Forget about anything you’ve “already” done–none of that should be factored into your future choices and actions.
Come up with a plan to deal with the shortcomings of the house without resorting to drastic measures.
If that’s not possible, and you absolutely must go, let’s dive into what it’s going to cost you, and how we can manage the potential loss.
Capital Gains Tax and selling within one year
If you’re turning a profit on the house you’re selling, you’re looking at paying a capital gains tax rate of up to 20% on the profit (this number depends on your particular tax bracket)–assuming you’ve owned the house for at least one year.
If you’re trying to sell a house in less than a year after buying, you’re looking at an even higher capital gains tax rate–but to be honest it’s very unlikely you’re actually going to clear any profit in less than a year–you’re more focused on minimizing losses.
The single biggest expense in selling a house is the commissions that are paid to both the listing agent and the agent representing the buyer.
In total, these commissions can be up to 6% of the value of the house.
Even if your house experienced some appreciation in the short amount of time you’ve owned it, it will likely be eaten up by the commissions.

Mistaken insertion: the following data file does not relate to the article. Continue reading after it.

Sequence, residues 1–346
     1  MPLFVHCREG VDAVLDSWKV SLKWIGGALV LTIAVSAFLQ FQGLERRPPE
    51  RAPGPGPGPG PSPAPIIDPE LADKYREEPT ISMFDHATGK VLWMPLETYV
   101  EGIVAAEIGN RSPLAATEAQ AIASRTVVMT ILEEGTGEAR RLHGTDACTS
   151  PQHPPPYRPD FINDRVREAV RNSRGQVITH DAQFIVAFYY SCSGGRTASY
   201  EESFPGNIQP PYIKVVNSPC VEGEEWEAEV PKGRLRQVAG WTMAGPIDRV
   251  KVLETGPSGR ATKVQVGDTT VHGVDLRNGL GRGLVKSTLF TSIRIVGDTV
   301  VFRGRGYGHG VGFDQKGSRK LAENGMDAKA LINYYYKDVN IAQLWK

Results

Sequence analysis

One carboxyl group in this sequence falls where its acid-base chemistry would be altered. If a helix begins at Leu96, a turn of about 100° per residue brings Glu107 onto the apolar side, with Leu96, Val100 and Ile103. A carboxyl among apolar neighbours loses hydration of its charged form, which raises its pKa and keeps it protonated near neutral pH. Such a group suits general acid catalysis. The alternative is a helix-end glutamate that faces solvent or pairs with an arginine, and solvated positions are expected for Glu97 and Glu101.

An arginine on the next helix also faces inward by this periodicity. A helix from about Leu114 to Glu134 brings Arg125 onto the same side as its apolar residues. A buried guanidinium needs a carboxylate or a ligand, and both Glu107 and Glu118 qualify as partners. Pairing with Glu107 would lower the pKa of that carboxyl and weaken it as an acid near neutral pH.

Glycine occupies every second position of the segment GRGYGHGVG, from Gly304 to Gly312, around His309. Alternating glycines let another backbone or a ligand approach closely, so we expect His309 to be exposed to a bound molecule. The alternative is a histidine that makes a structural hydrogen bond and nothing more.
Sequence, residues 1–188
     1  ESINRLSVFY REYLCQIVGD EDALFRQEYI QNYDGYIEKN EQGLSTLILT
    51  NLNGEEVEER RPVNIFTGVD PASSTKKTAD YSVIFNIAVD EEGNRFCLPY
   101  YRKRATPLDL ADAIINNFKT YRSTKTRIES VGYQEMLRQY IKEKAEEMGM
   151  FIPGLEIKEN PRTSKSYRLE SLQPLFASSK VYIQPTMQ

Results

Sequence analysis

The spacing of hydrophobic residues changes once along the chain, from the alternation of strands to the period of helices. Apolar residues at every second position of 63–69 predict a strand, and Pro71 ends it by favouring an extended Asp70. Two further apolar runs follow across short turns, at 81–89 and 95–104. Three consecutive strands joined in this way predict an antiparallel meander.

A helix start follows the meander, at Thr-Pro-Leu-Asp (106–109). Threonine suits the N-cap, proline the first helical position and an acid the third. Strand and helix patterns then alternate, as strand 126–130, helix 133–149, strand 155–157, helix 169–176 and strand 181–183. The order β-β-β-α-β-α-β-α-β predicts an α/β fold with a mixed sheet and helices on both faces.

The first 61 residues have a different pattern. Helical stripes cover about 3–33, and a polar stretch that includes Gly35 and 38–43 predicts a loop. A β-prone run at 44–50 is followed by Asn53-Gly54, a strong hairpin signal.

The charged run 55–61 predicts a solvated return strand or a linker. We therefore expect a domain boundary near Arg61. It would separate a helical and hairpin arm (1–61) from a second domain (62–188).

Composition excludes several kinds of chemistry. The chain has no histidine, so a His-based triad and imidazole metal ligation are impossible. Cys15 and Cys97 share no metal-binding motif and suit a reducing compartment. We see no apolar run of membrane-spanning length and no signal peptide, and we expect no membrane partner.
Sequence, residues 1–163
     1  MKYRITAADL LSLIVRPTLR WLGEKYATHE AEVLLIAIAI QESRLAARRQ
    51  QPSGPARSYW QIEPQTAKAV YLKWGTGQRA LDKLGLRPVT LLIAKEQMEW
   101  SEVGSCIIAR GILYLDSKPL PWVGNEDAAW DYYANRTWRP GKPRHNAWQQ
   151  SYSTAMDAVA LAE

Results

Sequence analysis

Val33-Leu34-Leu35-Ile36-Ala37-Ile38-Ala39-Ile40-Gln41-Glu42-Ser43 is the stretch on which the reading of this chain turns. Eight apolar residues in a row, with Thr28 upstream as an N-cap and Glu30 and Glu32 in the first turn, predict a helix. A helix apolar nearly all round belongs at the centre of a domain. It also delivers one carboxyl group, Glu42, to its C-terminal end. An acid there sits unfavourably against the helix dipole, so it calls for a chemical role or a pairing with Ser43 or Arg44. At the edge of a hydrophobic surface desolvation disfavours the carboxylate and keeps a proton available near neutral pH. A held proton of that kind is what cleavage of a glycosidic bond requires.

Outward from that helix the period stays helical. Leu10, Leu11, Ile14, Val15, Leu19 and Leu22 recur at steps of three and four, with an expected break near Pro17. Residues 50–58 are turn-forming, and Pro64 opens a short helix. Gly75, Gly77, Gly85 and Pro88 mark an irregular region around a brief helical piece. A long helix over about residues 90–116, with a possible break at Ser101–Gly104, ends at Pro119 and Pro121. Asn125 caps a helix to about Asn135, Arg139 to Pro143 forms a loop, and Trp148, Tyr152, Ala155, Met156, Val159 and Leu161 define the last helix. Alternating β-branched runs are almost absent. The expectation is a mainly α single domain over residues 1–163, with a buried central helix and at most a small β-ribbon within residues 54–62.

So the outlook is bleak. If you still absolutely have to sell, keep reading.
Below I outline an action plan for you to minimize the damages if you absolutely have to sell.
An Alternative Course of Action: Becoming a Landlord
You may have no choice in moving out of the house, but it might make more sense for you to go ahead and try renting out.
Becoming a landlord should not be taken lightly, as it can get very costly if you pick the wrong tenant.
If you’re thinking about going to route of renting out the house, I researching the absolute best property manager in your area, and turn it over to them.
Renting out the house on its face looks like it might actually bring in some money–but you’re probably going to be lucky to just break even.
Keep in mind, some investors are happy with a property cash flowing at just $100 per month profit after expenses–we’re not talking about huge margins here.
So don’t go the DIY route as a rookie thinking you’ll be making money and killing the rental game–you’ll likely just cost yourself a huge amount of money and have a perpetual headache until you sell the thing.
Minimize your losses and get out of this mess
Ok, so we’ve gotten through whether or not we actually need to sell the house–and it turns out we really need to get rid of this thing.
You need to maximize the value of your house with cheap improvements.
The smell of freshly cut grass causes our brains to emit 7 “feel good” chemicals in the brain.
It’s either free, or costs less than 50 bucks.
Certain colors of paint can increase your house value by a few thousand dollars (some can actually decrease your value too–go for light colors instead of dark).
Painting costs maybe a few hundred bucks or less–depending on how much of the house you’re trying to cover.
Make a list of everything you can do under $300 that will increase the appeal (value) of your house.